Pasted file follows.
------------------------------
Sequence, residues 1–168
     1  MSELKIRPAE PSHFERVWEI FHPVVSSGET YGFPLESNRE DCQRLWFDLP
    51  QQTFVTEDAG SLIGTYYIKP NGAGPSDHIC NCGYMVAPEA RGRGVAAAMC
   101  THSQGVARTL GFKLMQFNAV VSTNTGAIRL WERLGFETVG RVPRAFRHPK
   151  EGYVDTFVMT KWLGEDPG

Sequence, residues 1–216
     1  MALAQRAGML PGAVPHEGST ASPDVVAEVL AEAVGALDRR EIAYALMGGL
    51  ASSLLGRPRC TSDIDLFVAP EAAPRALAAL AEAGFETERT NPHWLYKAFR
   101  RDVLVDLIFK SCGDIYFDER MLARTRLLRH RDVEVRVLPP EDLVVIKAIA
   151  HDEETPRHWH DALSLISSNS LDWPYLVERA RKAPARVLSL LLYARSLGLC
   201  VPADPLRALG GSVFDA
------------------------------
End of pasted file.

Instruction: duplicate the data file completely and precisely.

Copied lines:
Sequence, residues 1–168
     1  MSELKIRPAE PSHFERVWEI FHPVVSSGET YGFPLESNRE DCQRLWFDLP
    51  QQTFVTEDAG SLIGTYYIKP NGAGPSDHIC NCGYMVAPEA RGRGVAAAMC
   101  THSQGVARTL GFKLMQFNAV VSTNTGAIRL WERLGFETVG RVPRAFRHPK
   151  EGYVDTFVMT KWLGEDPG

Sequence, residues 1–216
     1  MALAQRAGML PGAVPHEGST ASPDVVAEVL AEAVGALDRR EIAYALMGGL
    51  ASSLLGRPRC TSDIDLFVAP EAAPRALAAL AEAGFETERT NPHWLYKAFR
   101  RDVLVDLIFK SCGDIYFDER MLARTRLLRH RDVEVRVLPP EDLVVIKAIA
   151  HDEETPRHWH DALSLISSNS LDWPYLVERA RKAPARVLSL LLYARSLGLC
   201  VPADPLRALG GSVFDA